A. Document Request Nos. 1-3, 6, 10-15, 19-20, 22-24, and 33-42

Plaintiffs first move to compel Defendants' responses to Request for the Production of Document Nos. 1-3, 6, 10-15, 19-20, 22-24, and 33-42. In their supporting briefs, Plaintiffs have set forth reasonable and valid bases for making each of these discovery requests. Despite having initially objected, Defendants now make no attempt to counter Plaintiffs' arguments or otherwise substantiate the previously-lodged boilerplate objections.

It is well-established that "[t]he party opposing discovery has the burden to raise an objection, then the party seeking discovery must demonstrate the relevancy of the requested information." Corrigan v. Methodist Hosp., 158 F.R.D. 54, 57 (E.D. Pa. 1994). "Once this showing is made, the burden switches again to the party opposing discovery to show why discovery should not be permitted." Id.

Pursuant to such jurisprudence, Plaintiffs have adequately demonstrated the relevance of the above-listed Requests. In the face of such a showing, Defendants have failed to meet their opposing burden of establishing why discovery should not be permitted as to these Requests. Accordingly, to the extent Defendants have not fully responded to Request Nos. 1-3, 6, 10-15, 19-20, 22-24, and 33-42, Plaintiffs' Motion to Compel is granted.

B. Request Nos. 4-5, 7-9, 16-17, 43-45

With respect to Request Nos. 4-5, 7-9, 16-17, and 43-45, Plaintiffs' Motion to Compel again sets forth a detailed explanation of how such Requests are relevant to the present matter. In response, however, Defendants contend that all of these Requests go to Plaintiffs' theory that the Releases signed by the employee agents were invalid as part and parcel of an illegal scheme.*fn1 They go on to argue that: (1) the "part and parcel" doctrine is limited to antitrust cases and thus inapplicable to an employment discrimination case; (2) the ADEA independently protects employees from the use of Releases to further an illegal scheme; and (3) Plaintiffs have failed to prove the operation of the "part and parcel" on the facts of this case. Ultimately, Defendants conclude that because the "part and parcel" theory is not legally viable, they should not be required to respond to the above-listed Requests to the extent they are directed to that theory.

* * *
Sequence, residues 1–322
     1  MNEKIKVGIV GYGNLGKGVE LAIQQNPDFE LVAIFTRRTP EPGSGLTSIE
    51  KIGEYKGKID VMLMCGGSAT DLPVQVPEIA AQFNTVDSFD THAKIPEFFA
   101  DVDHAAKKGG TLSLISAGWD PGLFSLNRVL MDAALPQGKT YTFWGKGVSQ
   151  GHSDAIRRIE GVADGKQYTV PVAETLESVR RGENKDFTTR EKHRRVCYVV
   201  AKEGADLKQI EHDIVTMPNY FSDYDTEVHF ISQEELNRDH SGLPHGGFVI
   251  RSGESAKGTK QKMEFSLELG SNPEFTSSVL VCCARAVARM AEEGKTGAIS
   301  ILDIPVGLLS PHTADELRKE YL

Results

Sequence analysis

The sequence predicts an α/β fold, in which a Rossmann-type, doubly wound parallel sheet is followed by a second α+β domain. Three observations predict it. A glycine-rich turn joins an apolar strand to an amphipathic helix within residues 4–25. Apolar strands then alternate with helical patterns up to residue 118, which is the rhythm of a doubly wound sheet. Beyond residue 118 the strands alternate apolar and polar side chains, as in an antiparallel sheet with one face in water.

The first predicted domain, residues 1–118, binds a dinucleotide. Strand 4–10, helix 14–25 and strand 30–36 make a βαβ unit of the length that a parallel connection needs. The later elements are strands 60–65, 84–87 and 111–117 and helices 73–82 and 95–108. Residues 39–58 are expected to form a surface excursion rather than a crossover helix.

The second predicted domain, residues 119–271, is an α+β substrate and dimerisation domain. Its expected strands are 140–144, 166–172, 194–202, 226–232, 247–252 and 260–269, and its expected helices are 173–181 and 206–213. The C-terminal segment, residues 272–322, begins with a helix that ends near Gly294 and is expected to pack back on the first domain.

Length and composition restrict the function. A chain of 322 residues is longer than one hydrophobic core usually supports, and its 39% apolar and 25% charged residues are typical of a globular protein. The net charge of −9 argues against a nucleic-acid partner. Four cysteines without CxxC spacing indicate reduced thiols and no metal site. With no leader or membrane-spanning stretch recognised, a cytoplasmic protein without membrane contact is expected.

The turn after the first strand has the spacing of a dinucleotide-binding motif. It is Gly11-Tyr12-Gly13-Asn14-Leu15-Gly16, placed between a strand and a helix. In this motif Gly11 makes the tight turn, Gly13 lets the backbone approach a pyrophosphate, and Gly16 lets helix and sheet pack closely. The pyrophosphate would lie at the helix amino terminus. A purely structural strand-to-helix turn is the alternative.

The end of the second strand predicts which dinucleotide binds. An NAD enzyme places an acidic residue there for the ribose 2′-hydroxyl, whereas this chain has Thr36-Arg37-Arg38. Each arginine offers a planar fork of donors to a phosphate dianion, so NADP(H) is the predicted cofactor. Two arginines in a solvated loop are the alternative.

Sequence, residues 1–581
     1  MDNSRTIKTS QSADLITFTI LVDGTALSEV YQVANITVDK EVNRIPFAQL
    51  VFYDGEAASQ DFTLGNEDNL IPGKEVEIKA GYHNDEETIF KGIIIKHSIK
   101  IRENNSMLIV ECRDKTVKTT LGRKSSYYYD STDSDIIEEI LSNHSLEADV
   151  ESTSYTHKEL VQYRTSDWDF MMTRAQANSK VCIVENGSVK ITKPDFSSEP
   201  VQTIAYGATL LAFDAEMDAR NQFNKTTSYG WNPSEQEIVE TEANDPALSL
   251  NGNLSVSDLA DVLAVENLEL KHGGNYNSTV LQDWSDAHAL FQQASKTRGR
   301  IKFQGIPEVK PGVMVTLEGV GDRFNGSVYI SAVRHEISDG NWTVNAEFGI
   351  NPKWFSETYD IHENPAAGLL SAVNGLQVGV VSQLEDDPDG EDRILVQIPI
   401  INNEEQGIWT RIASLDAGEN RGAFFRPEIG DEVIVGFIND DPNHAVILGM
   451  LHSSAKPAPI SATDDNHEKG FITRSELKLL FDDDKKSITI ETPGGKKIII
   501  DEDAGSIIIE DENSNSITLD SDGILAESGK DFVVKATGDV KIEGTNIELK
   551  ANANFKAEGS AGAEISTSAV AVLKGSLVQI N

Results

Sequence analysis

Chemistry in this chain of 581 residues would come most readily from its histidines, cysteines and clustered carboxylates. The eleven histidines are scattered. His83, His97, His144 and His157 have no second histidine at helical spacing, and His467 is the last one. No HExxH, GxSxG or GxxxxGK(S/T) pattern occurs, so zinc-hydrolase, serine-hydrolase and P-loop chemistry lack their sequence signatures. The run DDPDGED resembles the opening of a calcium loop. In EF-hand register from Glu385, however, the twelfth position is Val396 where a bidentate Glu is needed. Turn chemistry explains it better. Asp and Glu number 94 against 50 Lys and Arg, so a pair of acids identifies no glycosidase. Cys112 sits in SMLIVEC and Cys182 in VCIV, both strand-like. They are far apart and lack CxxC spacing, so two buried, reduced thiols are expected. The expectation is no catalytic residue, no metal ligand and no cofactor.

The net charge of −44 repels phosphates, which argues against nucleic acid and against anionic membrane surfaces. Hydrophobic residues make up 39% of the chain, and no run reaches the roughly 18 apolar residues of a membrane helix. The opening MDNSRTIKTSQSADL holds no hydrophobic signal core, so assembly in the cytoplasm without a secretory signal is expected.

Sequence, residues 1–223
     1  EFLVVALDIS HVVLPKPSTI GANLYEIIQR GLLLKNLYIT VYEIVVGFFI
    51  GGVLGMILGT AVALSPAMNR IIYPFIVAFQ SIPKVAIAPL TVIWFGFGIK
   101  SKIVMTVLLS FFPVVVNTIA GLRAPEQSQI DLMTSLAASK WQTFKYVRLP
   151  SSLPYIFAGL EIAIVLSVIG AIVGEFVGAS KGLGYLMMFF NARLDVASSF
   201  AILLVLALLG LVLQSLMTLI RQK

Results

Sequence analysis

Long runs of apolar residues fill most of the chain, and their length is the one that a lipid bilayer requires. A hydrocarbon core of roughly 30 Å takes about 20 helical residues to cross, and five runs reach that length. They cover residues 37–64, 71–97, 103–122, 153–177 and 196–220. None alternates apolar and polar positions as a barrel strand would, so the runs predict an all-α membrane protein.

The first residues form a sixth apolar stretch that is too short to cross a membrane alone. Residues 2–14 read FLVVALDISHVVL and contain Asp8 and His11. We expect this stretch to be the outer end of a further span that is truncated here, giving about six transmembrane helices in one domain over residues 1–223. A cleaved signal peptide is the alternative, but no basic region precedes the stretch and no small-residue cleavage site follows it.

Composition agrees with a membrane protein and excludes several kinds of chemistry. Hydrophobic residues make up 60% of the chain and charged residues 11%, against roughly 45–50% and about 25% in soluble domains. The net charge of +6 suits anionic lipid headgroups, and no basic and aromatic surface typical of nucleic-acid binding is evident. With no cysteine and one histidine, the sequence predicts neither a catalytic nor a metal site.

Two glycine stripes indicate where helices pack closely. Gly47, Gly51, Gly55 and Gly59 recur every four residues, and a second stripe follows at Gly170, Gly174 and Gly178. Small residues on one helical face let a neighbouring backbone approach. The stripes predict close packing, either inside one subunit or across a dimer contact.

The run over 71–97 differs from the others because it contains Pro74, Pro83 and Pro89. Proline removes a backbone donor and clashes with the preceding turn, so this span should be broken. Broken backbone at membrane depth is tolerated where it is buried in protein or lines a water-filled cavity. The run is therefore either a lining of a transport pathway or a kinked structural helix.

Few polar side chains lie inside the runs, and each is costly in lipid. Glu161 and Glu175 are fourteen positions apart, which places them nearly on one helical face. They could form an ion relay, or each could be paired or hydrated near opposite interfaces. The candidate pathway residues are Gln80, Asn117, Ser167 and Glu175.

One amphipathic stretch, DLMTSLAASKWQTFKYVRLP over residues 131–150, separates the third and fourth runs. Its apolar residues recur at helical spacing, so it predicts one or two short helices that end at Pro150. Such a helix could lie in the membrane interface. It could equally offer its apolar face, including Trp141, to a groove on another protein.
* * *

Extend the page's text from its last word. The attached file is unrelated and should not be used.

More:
These arguments, however, are mooted by a plain reading of the Third Circuit's mandate. Upon vacating the district court finding that the Releases were valid, the Third Circuit expressly stated:

We believe the District Court should re-examine the validity of the release, after allowing further discovery into the facts surrounding the signing of the releases. The plaintiffs had a relatively short period of class discovery, and approximately half of the documents Allstate produced were documents from the Isbell litigation. While Isbell is certainly relevant to the plaintiffs' cases here, the plaintiffs are entitled to discovery that is responsive to their requests related to the specific release-related issues the plaintiffs raised with the District Court in their response to its March 21, 2007, Order: that the releases were part of an illegal scheme; that they were not signed knowingly or voluntarily; and that they were unconscionable.

Romero, 344 Fed. Appx. at 793 (emphasis added). The court went on to note that:

If, after discovery and briefing on these issues, the District Court determines that the releases are valid, then the claims in Romero I, Count II of Romero II, and EEOC are barred. If, however, the District Court determines that the releases are not valid, the District Court needs to address all of the underlying claims and issues that it did not decide in its June 20, 2007, Order, some of which we referred to above, namely, the common law claims of breach of contract and breach of fiduciary duty and all the claims in Romero II.We are confident that on remand the parties can spell these out for the District Court, as they have done for us on appeal, including the plaintiffs' claim that discovery as to these issues and the release should be permitted.

Id. at 794 (emphasis added).

This unambiguous language makes clear that Plaintiffs are fully entitled to briefing on their theory that the Releases are void because they are "part and parcel" of an illegal scheme. Although Defendants cite to the last sentence of the above paragraph for the proposition that the Third Circuit did not preclude Allstate from objecting to discovery on the grounds that the "part and parcel" doctrine has no legal applicability to this case, (Defs.' Resp. Mot. to Compel 8-9), this argument fails to read the entire opinion in context. The Third Circuit unequivocally stated that "plaintiffs are entitled to discovery [on the issue of whether] the releases were part of an illegal scheme." Romero, 344 Fed. Appx. at 793. It then explained that only "after discovery and briefing on these issues," and after any finding that the Releases are invalid, should the Court reach the underlying claims and issues, which would include the applicability of the "part and parcel" theory to ...